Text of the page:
However, strictly speaking, this is not a question, so the order recersal is inappropriate; the gramatically corect form is "... who the real man is". If you were to use this sentence in formal writing (other than quoting infomal speech), it would probably be marked as incorrect.

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    I have never heard a native speaker, even in informal speech, say "Let's see who is the real mean" (or anything similar) in a situation like this, unless they were, for example, putting on a faux-Russian accent and making the mistake purposefully, for effect. – Jonah Mar 21 '16 at 4:41
  • Try googling "let's see who's". It's all over the place. I've edited to note the shortened form. – laugh Mar 21 '16 at 6:26
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    Yes, you do often hear things like "Let's see who's coming" (as in, to a party), or, take some google results: "Let's see who's behind the mask," "let's see who's dumb," etc. I still maintain you would never hear the sentence Let's see who is the real man uttered by a native speaker except in jest. I think it's the combination of the predicate nominative and full form (who is) that makes it sound so awkward. – Jonah Mar 21 '16 at 6:35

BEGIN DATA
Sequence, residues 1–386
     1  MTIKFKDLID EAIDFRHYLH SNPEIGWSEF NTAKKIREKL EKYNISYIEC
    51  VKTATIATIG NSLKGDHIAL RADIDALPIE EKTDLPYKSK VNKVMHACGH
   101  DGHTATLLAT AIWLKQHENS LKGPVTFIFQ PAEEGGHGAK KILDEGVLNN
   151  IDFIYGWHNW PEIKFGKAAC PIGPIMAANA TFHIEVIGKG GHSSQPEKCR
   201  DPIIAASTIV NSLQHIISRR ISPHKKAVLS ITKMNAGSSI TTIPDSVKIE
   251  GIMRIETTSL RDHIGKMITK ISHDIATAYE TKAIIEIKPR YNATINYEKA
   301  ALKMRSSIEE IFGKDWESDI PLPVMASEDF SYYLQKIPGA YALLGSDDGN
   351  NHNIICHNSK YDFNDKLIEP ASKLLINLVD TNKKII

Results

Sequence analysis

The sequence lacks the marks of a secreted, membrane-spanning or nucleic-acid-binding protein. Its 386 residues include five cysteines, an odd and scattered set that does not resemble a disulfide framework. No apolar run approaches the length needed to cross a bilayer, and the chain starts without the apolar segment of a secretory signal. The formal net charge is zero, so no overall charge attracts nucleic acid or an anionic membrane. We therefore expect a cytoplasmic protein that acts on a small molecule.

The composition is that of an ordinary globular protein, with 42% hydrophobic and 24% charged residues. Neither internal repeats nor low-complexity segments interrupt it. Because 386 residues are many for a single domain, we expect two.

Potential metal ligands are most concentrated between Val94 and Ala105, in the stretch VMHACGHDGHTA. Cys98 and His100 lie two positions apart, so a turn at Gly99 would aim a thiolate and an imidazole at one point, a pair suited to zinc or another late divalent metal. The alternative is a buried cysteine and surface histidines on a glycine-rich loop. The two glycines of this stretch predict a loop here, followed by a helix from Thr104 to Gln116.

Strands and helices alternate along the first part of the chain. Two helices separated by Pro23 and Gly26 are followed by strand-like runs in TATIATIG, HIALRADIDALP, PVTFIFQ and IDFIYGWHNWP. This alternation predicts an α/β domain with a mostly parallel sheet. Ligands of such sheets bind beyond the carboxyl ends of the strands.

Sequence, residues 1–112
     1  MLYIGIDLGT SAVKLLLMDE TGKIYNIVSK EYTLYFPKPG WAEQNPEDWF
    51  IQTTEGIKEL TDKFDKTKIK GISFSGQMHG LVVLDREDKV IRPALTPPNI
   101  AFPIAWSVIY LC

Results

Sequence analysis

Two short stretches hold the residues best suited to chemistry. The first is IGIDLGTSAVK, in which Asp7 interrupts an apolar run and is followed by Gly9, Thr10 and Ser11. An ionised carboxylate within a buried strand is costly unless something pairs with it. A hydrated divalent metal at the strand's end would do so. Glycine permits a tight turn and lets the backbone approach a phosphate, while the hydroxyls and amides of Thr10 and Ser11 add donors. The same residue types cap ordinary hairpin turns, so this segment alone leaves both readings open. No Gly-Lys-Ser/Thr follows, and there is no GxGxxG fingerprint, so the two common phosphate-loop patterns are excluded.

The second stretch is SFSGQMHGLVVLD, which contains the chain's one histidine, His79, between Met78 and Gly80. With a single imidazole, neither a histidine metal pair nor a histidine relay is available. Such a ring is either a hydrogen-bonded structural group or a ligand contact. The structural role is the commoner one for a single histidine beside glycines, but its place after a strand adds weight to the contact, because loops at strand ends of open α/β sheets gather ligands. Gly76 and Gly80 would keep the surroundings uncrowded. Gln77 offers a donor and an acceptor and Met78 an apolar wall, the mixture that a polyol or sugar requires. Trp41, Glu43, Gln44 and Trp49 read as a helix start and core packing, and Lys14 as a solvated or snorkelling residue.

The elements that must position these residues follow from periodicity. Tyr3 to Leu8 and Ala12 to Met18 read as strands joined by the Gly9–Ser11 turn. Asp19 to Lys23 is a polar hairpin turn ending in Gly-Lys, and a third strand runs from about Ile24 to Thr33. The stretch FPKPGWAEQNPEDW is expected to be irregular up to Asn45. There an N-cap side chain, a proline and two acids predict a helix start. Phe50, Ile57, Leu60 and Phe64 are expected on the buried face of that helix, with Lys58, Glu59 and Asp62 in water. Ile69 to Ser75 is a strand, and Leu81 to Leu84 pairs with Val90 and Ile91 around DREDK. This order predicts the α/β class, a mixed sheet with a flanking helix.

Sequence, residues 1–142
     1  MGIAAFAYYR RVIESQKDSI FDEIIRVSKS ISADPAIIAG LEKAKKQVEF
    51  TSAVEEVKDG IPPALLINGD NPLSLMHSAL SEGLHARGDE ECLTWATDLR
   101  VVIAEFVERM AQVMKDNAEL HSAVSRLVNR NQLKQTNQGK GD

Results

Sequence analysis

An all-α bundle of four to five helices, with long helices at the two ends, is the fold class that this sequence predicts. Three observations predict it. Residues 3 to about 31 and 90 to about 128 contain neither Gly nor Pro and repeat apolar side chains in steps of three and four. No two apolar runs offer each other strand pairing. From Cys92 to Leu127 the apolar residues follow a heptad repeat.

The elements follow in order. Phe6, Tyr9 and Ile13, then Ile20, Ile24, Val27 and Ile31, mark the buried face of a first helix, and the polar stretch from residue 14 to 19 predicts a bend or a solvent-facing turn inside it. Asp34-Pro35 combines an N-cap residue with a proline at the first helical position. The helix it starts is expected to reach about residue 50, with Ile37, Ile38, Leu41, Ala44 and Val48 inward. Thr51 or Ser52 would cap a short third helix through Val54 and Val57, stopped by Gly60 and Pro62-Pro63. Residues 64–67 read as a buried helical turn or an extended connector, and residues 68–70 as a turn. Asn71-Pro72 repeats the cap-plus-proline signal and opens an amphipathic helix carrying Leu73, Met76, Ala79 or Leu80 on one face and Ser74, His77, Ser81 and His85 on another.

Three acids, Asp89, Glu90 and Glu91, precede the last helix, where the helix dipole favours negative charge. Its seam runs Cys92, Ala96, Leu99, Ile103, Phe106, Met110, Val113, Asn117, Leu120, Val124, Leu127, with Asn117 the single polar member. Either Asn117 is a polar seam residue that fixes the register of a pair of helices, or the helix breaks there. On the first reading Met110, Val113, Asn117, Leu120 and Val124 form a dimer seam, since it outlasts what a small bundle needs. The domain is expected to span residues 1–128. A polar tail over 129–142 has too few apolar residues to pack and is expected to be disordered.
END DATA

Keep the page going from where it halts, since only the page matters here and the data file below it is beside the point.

• I have to note that laugh's answer brings up an excellent observation: that of "who is" versus "who's". I think that "who's the real man" would be common enough in real life, especially given the emotionally laden pointedness of the statement. You don't want an essay when you are making a challenge. Still, I can imagine someone using "who is the real man" here. I would think "who the real man is" would be more common than "who is", but "who is" would still make the point. – Corvus B Mar 21 '16 at 20:43
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Grammar:

No, it's not. Because embedded questions (those using interrogatives like 'who') are noun clauses, they follow the structure of a statement and not a question. So grammatically you can't say, "let's see who is the real man."

Meaning:

"Let's see what time it is" doesn't imply anything like 'we know the time but we want to see the digits.' Actually when you say "let's see what time it is" what I hear is "Let's see the answer to the question, 'what time is it?'" Like this example when you say, "let's see who the real man is" what I hear is "let's see the answer to the question, 'who is the real man?'". It doesn't imply anything but a simple noun clause which is originally a question transformed and then squeezed into a sentence. 😉